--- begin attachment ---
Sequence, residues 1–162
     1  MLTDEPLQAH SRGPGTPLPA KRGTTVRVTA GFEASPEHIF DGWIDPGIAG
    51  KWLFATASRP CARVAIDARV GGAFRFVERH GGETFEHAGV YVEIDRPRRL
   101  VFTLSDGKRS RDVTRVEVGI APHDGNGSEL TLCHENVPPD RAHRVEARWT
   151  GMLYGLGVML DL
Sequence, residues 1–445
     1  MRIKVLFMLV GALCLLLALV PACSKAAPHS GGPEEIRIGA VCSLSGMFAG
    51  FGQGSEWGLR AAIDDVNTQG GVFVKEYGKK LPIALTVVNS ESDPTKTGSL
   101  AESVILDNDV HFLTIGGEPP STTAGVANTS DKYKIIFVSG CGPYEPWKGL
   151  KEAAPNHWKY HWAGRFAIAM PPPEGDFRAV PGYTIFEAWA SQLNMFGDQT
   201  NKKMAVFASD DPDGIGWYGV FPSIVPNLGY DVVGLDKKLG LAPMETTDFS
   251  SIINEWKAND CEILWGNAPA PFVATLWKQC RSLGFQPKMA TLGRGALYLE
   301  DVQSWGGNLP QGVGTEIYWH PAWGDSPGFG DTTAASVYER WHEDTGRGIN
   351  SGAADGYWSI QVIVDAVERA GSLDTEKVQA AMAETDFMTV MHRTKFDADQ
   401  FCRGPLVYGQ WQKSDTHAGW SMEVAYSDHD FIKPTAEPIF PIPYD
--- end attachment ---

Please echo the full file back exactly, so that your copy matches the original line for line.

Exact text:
Sequence, residues 1–162
     1  MLTDEPLQAH SRGPGTPLPA KRGTTVRVTA GFEASPEHIF DGWIDPGIAG
    51  KWLFATASRP CARVAIDARV GGAFRFVERH GGETFEHAGV YVEIDRPRRL
   101  VFTLSDGKRS RDVTRVEVGI APHDGNGSEL TLCHENVPPD RAHRVEARWT
   151  GMLYGLGVML DL
Sequence, residues 1–445
     1  MRIKVLFMLV GALCLLLALV PACSKAAPHS GGPEEIRIGA VCSLSGMFAG
    51  FGQGSEWGLR AAIDDVNTQG GVFVKEYGKK LPIALTVVNS ESDPTKTGSL
   101  AESVILDNDV HFLTIGGEPP STTAGVANTS DKYKIIFVSG CGPYEPWKGL
   151  KEAAPNHWKY HWAGRFAIAM PPPEGDFRAV PGYTIFEAWA SQLNMFGDQT
   201  NKKMAVFASD DPDGIGWYGV FPSIVPNLGY DVVGLDKKLG LAPMETTDFS
   251  SIINEWKAND CEILWGNAPA PFVATLWKQC RSLGFQPKMA TLGRGALYLE
   301  DVQSWGGNLP QGVGTEIYWH PAWGDSPGFG DTTAASVYER WHEDTGRGIN
   351  SGAADGYWSI QVIVDAVERA GSLDTEKVQA AMAETDFMTV MHRTKFDADQ
   401  FCRGPLVYGQ WQKSDTHAGW SMEVAYSDHD FIKPTAEPIF PIPYD